Cetero Research, the early-phase contract research organisation (CRO) that recently filed for bankruptcy as a means of selling off most of its assets through a ‘stalking horse’ procedure, has reached a final resolution with the US Food and Drug Administration over the disputed bioanalytical studies behind the company’s financial decline.

Last year Cetero was hit by FDA claims of “significant instances of misconduct and violations” at the company’s facility in Houston, Texas.

In a July 2011 letter sent to the CRO, the agency said the problems at Houston raised concerns about the integrity of bioequivalence and bioavailability data generated by the facility between April 2005 and June 2010.

At the same time, and despite Cetero’s insistence that the alleged misconduct was an isolated incident, the FDA informed pharmaceutical companies for which the CRO had conducted bioanalytical studies at Houston between the aforementioned dates that the studies might now have to be repeated or confirmed.

Following “months of open collaboration between Cetero and the FDA”, the company noted in its latest announcement, the agency has now stipulated that:

•    It will accept for submission and review studies conducted at Cetero’s Houston laboratory between 1 September 2009 and 15 June 2010, without re-analysis, repetition or further audit by the company or any third party.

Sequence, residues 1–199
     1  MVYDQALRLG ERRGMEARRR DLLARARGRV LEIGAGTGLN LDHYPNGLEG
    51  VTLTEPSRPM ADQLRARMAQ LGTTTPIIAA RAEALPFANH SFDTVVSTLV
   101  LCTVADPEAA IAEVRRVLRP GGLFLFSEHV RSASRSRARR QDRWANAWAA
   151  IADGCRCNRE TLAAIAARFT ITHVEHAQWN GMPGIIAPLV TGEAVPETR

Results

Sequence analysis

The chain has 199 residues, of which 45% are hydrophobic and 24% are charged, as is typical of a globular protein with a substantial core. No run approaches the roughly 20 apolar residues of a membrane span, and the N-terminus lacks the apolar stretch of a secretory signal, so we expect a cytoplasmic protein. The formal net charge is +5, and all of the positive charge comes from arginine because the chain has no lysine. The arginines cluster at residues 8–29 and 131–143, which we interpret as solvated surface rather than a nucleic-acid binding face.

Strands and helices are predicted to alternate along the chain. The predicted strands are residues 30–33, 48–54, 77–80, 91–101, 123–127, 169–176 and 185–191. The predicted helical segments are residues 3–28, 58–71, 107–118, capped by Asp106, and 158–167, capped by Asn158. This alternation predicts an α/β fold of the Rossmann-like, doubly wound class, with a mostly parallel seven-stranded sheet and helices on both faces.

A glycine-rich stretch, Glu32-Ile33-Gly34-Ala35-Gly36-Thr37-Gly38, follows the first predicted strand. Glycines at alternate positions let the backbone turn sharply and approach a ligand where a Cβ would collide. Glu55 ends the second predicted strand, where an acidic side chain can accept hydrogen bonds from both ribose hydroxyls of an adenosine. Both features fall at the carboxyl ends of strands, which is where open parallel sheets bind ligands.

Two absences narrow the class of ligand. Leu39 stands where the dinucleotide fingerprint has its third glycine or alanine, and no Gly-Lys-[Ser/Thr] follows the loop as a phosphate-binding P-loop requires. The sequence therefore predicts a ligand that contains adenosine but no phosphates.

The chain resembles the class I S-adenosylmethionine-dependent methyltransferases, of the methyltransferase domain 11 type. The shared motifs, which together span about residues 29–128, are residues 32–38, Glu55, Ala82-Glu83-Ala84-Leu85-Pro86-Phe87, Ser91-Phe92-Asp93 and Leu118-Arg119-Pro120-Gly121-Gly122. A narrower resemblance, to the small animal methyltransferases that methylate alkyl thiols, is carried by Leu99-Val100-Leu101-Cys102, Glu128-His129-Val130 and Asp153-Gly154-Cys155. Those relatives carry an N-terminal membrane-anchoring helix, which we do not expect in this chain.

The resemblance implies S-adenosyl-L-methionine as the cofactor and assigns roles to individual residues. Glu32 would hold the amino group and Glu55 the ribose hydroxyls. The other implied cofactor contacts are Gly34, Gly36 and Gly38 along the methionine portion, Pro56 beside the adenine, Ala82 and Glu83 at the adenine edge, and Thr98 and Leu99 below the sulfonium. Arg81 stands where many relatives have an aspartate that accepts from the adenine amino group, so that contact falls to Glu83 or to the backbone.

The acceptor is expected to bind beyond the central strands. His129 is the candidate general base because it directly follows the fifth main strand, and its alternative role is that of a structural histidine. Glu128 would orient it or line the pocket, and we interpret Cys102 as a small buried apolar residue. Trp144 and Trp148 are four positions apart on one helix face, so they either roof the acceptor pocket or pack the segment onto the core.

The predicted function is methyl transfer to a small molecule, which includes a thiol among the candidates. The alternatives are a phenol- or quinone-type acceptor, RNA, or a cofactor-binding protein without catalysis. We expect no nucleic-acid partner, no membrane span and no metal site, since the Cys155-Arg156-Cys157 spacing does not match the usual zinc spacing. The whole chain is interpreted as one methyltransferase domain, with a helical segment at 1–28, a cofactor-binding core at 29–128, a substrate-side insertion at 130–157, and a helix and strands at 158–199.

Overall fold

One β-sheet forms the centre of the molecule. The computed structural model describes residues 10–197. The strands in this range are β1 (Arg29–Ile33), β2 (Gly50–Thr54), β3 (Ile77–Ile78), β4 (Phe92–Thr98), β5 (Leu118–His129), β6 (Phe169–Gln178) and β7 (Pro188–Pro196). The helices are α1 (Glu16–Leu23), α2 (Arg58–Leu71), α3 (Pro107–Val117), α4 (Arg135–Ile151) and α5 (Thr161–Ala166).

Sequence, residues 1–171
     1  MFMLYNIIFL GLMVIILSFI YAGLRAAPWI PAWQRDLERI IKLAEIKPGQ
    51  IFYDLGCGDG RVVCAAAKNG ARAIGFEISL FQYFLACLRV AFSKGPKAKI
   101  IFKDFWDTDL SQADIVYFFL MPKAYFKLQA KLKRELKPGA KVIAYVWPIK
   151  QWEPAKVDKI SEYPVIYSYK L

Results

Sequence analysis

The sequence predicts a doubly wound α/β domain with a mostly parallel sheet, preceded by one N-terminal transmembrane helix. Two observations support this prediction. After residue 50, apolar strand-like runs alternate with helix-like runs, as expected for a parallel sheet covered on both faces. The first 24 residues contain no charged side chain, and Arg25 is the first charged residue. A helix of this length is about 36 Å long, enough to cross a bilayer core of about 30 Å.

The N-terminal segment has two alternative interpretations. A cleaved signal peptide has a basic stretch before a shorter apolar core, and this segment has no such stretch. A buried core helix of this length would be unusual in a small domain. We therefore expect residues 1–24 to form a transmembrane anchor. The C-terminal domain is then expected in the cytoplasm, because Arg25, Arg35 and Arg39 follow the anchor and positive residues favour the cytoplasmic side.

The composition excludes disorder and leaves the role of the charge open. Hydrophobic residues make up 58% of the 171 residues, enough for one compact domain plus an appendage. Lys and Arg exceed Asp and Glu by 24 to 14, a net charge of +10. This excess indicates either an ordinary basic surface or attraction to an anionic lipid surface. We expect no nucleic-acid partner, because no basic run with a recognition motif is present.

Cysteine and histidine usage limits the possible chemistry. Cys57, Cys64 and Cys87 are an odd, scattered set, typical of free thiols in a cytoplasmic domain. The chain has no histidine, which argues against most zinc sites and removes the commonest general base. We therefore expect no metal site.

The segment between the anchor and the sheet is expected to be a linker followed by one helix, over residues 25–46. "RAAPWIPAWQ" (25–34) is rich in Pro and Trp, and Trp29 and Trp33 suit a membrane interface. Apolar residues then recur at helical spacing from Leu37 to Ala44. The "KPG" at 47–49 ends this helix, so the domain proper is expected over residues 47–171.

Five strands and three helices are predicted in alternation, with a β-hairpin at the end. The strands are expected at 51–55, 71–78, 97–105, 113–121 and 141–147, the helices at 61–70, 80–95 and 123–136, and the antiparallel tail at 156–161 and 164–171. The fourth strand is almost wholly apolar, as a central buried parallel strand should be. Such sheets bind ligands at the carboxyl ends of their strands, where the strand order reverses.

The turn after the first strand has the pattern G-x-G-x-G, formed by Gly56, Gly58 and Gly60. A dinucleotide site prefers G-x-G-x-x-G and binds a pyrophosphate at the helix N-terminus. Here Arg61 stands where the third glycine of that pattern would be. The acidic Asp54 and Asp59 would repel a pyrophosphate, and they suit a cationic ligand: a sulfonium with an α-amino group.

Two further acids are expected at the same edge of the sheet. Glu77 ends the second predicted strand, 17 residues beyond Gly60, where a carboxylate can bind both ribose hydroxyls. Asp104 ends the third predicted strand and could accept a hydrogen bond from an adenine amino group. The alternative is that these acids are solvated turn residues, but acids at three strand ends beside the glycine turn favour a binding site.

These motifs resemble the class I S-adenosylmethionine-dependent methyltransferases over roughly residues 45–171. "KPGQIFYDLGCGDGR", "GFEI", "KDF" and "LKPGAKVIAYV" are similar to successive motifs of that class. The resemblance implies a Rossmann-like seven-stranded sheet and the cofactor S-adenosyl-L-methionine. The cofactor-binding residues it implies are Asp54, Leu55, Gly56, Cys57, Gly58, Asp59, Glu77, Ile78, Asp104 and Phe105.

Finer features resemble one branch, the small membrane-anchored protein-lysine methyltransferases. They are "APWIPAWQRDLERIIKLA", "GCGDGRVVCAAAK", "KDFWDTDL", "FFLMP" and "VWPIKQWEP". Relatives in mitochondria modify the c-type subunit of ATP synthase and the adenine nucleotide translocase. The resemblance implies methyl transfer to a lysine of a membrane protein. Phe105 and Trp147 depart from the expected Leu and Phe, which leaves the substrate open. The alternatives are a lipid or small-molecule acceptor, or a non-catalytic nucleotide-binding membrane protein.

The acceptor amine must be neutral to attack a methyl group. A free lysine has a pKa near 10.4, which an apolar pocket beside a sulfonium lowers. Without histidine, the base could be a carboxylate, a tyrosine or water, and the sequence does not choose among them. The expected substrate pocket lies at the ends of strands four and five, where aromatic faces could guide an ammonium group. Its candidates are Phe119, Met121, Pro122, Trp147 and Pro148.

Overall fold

•    The FDA will accept for submission and review studies performed at the Houston facility between 1 March 2008 and 31 August 2009 if they are accompanied by an independent third-party data-integrity audit. Any studies previously filed as part of an approved or pending regulatory application will also require verification of data integrity through an independent third-party audit.

•    Any studies conducted between 1 April 2005 and 28 February 2008, whether they were previously submitted as part of an approved or pending application, or will be submitted as part of a new application, will require complete re-analysis (if stable samples exist) or a repeat of the study.

“From the time Cetero discovered the incident through our own investigation and self-reported the issues directly to the FDA, to the lengthy internal investigation that followed in which updates were regularly provided to the FDA, to the FDA review and recent final resolution, we have taken this matter very seriously,” commented Dr Troy McCall, the company’s chief executive officer.